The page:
“If you don’t mind,” I say, “I really need to get some sleep. I’ve mountains of work before Tuesday’s deadline.” I push the chair back against the desk. “Try listening to the ticking in the hallway,” I say, thinking of the wind-up alarm clock we used to put in our puppy’s bed. I give the desk a pat, then head back to curl up next my husband’s warm body.
“I mean it,” I whisper. “I desperately need some deep sleep.”
The next morning I awaken at nine, exhausted. I toss my favorite purple shawl around my shoulders and start my morning routine with toast and coffee. I’m usually perked up by the anticipation of freshly ground French roast, but this morning even the coffee seems lifeless. I plod my way upstairs to my studio and place the plate of buttered sourdough toast and mug of black coffee on the little desk by the window. I’m glad my husband has already left for work. On days like this I’ve learned it’s just better to stay away from people.
I’m there in time to watch the first rays of light cascade through the west facing window, illuminating a path across the top of the desk. It’s my favorite time of day and today especially, I need the reprieve before facing the work ahead. As if on cue, Buddy sniffs me out and with tail thumping, positions himself at my side to catch the last bite of toast – a routine we’ve developed over the years that is both annoying and tender.
The morning sun moves imperceptibly across the dull brown striations of oak grain as I start my morning meditation. But today I am distracted by the drifting light – the turning of the earth – the turning of time, I remind myself. I struggle to focus on my breath – in and out, in and out. The hallway clock accompanies me with a steady tick, tock, tick tock, its pendulum sweeping each second into the past. Last night’s voices hover at the edge, demanding my attention.
Then, from that still space that has eluded me all week, I sense a voice of remarkable clarity.
The sun pauses at the edge. Dust motes are suspended in mid-air.
“Don’t do this to me,” I say. “I don’t have time.” But my hands are already reaching under the drawer to slide it open. My fingers feel along the bottom and lift out a forest green leather notebook. I watch my palms press the blank pages open against the oak desktop, then lift the black filigree pen from its tray. Though my hand trembles, the voices are calm.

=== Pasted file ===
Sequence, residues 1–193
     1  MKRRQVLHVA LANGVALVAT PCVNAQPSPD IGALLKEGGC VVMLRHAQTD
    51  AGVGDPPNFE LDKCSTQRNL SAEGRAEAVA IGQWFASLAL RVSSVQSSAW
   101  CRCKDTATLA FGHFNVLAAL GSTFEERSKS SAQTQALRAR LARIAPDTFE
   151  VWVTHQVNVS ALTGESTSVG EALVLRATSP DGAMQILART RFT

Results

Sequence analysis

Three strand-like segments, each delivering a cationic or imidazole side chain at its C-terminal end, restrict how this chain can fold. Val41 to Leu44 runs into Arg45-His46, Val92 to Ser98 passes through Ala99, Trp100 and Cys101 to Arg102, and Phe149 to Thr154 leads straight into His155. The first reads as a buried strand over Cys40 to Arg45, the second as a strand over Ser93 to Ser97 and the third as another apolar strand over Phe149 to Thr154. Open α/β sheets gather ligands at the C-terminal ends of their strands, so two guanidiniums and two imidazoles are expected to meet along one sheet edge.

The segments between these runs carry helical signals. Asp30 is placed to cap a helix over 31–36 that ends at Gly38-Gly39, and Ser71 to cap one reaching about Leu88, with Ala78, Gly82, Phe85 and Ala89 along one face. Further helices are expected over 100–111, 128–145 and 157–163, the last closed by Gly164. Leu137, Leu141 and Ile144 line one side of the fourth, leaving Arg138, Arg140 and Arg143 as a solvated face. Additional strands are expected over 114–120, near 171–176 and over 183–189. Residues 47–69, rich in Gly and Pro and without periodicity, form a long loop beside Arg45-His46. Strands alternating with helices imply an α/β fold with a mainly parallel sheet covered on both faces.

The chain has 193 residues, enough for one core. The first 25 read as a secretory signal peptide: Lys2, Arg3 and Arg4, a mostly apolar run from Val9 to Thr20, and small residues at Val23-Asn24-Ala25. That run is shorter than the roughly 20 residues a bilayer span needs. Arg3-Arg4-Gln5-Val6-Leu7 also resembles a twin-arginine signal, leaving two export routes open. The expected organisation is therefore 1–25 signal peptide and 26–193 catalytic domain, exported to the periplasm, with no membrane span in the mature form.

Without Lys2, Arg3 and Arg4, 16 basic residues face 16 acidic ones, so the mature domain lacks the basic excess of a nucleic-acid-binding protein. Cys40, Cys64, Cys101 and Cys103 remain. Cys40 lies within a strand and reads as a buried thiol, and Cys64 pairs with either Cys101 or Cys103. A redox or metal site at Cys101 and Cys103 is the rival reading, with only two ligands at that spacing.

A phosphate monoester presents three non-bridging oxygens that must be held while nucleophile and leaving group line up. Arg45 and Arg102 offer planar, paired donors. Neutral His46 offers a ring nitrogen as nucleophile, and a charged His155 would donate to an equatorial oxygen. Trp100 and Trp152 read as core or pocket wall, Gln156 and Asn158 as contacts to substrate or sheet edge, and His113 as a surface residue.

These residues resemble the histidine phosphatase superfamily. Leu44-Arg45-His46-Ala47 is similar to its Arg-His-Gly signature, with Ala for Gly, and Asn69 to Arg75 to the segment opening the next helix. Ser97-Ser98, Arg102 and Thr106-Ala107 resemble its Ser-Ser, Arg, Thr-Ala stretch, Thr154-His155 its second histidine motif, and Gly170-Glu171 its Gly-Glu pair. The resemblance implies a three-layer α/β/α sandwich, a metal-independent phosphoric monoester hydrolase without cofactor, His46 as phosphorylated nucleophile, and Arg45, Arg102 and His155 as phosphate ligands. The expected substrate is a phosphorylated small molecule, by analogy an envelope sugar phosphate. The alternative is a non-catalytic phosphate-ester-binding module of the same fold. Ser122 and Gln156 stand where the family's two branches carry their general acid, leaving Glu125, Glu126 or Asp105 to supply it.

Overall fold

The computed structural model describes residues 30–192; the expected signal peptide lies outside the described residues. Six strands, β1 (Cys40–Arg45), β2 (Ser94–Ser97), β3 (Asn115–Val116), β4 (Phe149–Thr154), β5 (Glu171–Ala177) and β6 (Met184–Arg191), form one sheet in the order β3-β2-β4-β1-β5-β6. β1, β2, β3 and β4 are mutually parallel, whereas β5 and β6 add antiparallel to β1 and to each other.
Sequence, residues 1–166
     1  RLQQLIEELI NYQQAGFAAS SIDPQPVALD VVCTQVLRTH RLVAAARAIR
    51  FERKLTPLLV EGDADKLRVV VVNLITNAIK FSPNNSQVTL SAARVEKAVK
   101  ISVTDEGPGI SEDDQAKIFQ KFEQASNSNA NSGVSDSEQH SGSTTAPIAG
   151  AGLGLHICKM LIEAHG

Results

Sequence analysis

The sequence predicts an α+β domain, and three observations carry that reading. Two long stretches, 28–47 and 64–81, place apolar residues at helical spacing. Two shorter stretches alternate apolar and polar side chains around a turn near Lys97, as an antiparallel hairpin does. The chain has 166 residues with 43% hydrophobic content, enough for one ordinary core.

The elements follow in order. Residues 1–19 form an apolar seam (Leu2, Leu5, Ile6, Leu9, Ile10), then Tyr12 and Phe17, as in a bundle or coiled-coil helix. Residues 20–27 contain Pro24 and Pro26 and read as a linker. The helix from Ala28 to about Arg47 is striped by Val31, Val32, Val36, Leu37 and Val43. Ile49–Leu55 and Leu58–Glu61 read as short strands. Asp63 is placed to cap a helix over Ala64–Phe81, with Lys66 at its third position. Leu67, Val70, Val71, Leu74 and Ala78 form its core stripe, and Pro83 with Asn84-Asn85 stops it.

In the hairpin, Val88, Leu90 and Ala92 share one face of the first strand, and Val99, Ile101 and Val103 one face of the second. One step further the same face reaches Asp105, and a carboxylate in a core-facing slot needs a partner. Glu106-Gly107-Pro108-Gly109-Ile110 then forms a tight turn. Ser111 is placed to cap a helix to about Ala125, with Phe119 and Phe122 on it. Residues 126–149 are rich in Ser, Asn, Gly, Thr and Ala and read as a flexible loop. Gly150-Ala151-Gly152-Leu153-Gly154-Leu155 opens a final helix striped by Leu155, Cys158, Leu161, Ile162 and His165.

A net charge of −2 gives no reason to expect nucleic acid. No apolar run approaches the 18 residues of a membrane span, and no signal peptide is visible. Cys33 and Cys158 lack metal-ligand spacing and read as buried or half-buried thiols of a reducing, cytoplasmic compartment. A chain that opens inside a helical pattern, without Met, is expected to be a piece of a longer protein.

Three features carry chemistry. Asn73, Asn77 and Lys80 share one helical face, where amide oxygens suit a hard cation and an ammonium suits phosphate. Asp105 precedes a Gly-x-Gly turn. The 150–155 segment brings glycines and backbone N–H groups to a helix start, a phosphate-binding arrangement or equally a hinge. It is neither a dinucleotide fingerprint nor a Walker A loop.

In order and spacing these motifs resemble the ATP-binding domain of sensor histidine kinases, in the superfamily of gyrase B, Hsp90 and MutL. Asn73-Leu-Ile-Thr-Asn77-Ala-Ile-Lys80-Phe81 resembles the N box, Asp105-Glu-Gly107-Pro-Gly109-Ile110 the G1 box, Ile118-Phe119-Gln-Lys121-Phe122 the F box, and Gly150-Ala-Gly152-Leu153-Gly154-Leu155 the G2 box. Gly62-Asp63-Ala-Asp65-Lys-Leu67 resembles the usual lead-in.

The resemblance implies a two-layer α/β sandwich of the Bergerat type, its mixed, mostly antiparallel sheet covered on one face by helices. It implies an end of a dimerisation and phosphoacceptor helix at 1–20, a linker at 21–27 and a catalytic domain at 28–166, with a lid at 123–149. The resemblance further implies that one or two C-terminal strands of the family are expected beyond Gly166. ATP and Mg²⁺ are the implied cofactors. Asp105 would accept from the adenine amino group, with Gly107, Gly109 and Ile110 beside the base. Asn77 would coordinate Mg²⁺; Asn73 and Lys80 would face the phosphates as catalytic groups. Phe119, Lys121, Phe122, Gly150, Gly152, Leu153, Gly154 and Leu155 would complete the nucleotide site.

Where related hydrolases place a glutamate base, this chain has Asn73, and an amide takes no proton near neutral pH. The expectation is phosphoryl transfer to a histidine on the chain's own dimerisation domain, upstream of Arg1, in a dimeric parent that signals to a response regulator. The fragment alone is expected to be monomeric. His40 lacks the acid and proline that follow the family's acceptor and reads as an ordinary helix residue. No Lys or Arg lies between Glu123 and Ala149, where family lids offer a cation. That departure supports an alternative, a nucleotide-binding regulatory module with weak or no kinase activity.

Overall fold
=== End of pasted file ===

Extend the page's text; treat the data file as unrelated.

Do we have the ability to influence our ancestors? Or our future descendants? On a restless night several years ago, I found these thoughts changing the course of my novel.
I started out inspired to write about my Great Grandmother Emily who settled during the 1849 Gold Rush in the Sacramento Valley. But I didn’t want to write yet another biography of a head-strong, determined western woman. The book shelf’s already full of those! So I stepped back to look at the larger landscape.
Of course…we’re all spirit, and if time transcends the here and now, we all have access to each other’s lives. What if I could slip back into my great-grandmother’s life and tell her what she’d need to know that might ward off future ecological devastation? Or hear my great-granddaughter imploring me to build now what she’d need to survive when she returns to our abandoned homestead in the far future?
And what if we’re all connected by the vision of an ancient woman of wisdom who saw it all? Shima’a found a portal that transcended time. From the heartwood of an oak tree (that as an acorn grew from her heart when she died), a small oak writing desk became her means of inspiring women to gather their power and create new ways of living together. The old, aggressive masculine constructs have run their course. If earth and humanity are to survive, the feminine has to ascend.